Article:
Glennville Plantation in a 1935 HABS photo
|Elevation||463 ft (141 m)|
|Time zone||Central (CST) (UTC-6)|
|• Summer (DST)||CDT (UTC-5)|
|GNIS feature ID||119045|
Glennville Historic District
|Area||544 acres (220 ha)|
|NRHP Reference #||79000402|
|Added to NRHP||August 7, 1979|
Glenville (also spelled Glennville) is an unincorporated community in Russell County, Alabama, United States which used to be in Barbour County. During the Civil War, Company "H" of the 15th Regiment Alabama Infantry was raised from Barbour and Dale counties and called the "Glenville Guards". The Glennville Historic District, containing the antebellum core of the community, is a historic district listed on the National Register of Historic Places in 1979.
Glennville was the first permanent community in what is today Russell County. It was founded in 1835, after the Muscogee removal, by Methodist preacher James Elizabeth Glenn. The town quickly developed into an economic and cultural center of East Alabama. In addition to the Methodist Church, the community was home to Male and Female Academies and the Weyman School for Girls, all of which were renowned throughout the South for their classical curricula. The town also had a post office, stores, a Masonic Lodge, and an inn. The town incorporated in 1854, seeking to attract a rail line, but the line was opposed by many planters in the community. With railroad bypassing Glennville and diminished power and influence of farmers after the Civil War, the town gradually faded.
|U.S. Decennial Census|
Glenville appeared on the U.S. Census in 1850 when it was located in Barbour County. It did not reappear again until 1880 with a much-diminished population after the borders were redrawn between Barbour and Russell Counties and it was moved into the latter. It last appeared on the 1890 census.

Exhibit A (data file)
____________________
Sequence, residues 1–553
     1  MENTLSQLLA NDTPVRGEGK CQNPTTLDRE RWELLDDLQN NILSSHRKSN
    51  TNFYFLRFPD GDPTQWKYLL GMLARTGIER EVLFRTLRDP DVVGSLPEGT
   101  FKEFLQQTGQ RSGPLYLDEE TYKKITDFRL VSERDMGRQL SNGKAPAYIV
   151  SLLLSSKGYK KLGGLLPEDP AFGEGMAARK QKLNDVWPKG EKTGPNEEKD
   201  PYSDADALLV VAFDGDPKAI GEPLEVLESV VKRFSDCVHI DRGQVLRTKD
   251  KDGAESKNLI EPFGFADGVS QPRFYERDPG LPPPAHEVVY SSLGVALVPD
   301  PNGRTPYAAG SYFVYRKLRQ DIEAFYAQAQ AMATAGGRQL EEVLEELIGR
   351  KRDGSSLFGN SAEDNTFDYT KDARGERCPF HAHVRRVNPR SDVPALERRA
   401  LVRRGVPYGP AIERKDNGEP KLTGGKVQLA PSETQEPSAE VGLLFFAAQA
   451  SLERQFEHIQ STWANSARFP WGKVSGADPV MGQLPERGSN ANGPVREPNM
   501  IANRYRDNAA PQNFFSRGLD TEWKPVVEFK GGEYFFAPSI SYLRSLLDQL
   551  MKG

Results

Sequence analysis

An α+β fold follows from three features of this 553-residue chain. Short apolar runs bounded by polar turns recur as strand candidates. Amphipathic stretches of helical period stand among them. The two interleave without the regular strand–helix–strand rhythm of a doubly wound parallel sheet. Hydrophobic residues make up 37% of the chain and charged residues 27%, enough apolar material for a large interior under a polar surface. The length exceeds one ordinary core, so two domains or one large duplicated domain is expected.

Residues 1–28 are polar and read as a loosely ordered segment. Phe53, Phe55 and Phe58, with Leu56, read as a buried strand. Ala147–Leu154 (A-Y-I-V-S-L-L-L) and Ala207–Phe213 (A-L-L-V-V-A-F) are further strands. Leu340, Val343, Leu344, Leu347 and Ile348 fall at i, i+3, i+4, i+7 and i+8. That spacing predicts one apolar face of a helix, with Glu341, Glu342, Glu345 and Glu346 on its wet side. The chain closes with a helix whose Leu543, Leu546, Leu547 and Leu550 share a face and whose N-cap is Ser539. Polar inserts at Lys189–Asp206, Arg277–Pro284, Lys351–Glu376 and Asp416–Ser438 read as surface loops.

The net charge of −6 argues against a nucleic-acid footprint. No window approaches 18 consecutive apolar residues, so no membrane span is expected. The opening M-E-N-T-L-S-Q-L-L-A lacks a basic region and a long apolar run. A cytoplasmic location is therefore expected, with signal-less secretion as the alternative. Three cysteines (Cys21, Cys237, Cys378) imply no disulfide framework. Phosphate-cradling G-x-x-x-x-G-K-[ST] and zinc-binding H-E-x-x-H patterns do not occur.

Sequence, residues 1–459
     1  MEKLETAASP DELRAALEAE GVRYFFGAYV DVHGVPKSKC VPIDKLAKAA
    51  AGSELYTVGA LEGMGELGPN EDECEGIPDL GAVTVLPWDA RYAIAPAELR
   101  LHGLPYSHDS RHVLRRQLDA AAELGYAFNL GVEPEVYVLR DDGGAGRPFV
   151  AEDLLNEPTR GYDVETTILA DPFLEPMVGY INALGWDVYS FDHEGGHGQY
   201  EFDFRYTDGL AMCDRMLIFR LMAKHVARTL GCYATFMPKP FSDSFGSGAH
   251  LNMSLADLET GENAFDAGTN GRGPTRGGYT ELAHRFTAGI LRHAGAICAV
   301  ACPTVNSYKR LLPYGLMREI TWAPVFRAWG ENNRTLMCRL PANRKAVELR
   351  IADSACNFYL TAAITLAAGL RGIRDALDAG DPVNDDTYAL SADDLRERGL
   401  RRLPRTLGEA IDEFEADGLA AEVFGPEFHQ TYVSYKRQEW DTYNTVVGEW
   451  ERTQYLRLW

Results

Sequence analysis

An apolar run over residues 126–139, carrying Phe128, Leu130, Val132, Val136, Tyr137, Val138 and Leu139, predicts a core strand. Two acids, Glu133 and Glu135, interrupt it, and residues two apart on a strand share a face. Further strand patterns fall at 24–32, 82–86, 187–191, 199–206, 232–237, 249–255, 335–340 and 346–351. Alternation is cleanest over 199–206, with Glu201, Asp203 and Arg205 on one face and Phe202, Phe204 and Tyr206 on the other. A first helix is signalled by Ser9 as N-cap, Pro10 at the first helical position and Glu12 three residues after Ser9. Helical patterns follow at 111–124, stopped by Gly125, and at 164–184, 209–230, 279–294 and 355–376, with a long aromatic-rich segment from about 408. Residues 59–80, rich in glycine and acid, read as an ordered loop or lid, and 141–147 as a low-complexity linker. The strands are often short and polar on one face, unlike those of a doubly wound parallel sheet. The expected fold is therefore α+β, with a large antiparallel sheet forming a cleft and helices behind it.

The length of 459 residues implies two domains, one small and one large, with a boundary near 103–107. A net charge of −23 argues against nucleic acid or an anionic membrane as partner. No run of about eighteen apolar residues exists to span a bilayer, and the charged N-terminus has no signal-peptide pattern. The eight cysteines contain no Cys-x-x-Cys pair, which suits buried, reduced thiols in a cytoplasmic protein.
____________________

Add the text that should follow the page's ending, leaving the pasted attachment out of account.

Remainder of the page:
The historic district consists of 32 main structures, 27 outbuildings, and 6 cemeteries. The most prominent are antebellum plantation houses, most of which exhibit Greek Revival style. The Methodist church (built circa 1850) is also Greek Revival, while the Episcopal church (1926) shows Gothic influence. Late 19th- and early 20th-century tenant farmer houses are more modest, and reflect the changing fortunes of the town.
- "Glenville". Geographic Names Information System. United States Geological Survey.
- National Park Service (July 9, 2010). "National Register Information System". National Register of Historic Places. National Park Service. Retrieved March 25, 2015.
- Parker, Matt. "15th Alabama Infantry Regiment". Thomas Legion. Retrieved March 26, 2015.
- Moore, Sally (May 22, 1979). "Glennville Historic District" (PDF). National Register of Historic Places Inventory-Nomination Form. National Park Service. Archived (PDF) from the original on March 25, 2015. Retrieved March 25, 2015. See also: "Accompanying photos" (PDF). Archived (PDF) from the original on March 25, 2015. Retrieved March 25, 2015.
- "U.S. Decennial Census". Census.gov. Archived from the original on May 12, 2015. Retrieved June 6, 2013.